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Ceratotherium simum [suh rah tuh ther' E um sim' um]
One of the largest land animals on Earth, the white rhinoceros is 11 to 14 feet long, not counting its 20-28-inch tail, stands 5-6 feet at the shoulder, and weighs 3,000-8,000 pounds; males are larger than females. Despite its name, it is actually light gray to dark yellow in color.
Like its close cousin the black rhinoceros, the white rhinoceros has two horns made of keratin fibers, with the front horn always being longer than the rear horn. It also has three very distinct toes on each of its four massive feet. Both species of rhinoceros have poor eyesight, fairly good hearing, and excellent sense of smell. The white rhinoceros is distinguished from its cousin by its wide, square upper lip; the black rhinoceros has a more curved upper lip.
Distribution and Habitat
There are two distinct populations of white rhinoceros, one in northeastern Africa confined almost entirely to Kenya and another spread through much of southern Africa. It lives in open woodlands with nearby open grassland, thick brush, and water and prefers flat lands, but is occasionally found in swamp regions.
The white rhinoceros feeds almost exclusively on grasses, grasping large clumps with its mouth and gently swinging its massive head back and forth to help its teeth cut through the blades. Although it will drink at least once a day when water is available, it can go up to a week or so without drinking when water is scarce.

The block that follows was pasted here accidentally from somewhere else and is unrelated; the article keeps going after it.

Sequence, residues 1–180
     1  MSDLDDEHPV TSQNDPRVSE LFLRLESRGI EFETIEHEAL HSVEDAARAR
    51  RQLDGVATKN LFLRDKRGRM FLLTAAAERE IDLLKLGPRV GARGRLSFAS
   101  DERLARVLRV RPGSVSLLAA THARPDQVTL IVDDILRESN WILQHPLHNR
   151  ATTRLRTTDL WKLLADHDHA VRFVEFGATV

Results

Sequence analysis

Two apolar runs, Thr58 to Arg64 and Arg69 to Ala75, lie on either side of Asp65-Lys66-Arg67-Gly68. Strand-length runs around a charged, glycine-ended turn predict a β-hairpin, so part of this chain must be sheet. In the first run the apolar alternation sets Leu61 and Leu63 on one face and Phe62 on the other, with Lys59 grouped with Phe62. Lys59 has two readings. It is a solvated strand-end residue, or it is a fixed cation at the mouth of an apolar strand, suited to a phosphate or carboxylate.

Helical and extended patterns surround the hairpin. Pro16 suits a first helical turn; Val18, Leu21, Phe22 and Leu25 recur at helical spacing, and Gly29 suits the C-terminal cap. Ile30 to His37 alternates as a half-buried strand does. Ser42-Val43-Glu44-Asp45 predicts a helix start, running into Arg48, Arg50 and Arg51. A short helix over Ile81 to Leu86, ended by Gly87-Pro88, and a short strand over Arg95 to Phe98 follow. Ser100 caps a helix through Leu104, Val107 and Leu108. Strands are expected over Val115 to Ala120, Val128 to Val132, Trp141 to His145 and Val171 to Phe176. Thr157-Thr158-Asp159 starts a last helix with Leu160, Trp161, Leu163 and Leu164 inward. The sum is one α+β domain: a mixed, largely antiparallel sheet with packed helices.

Breeding takes place throughout the year, but is most common in the summer and fall. Potential breeding pairs will court each other for about three weeks, with the female coming into the bull's territory to mate when she is ready; bulls rarely chase after unreceptive females, and there is virtually no competition between males for mates.
The cow gives birth to one calf after a gestation period of about 16 months. The calf will be closely protected by its mother for about two years, at which time she will chase it away; only then will she mate again. Sexual maturity is reached at about six years of age in females, 10-12 years in males. A white rhinoceros can live up to 50 years in the wild.
White rhinoceroses are generally solitary, but they will congregate in small herds (crashes) composed of either immatures or females without young; they never congegate in mixed herds, and adult males are always solitary except when breeding.
The white rhinoceros is not as endangered as the black rhinoceros, but is still threatened by habitat encroachment and poaching.
This page was last updated on February 17, 2017.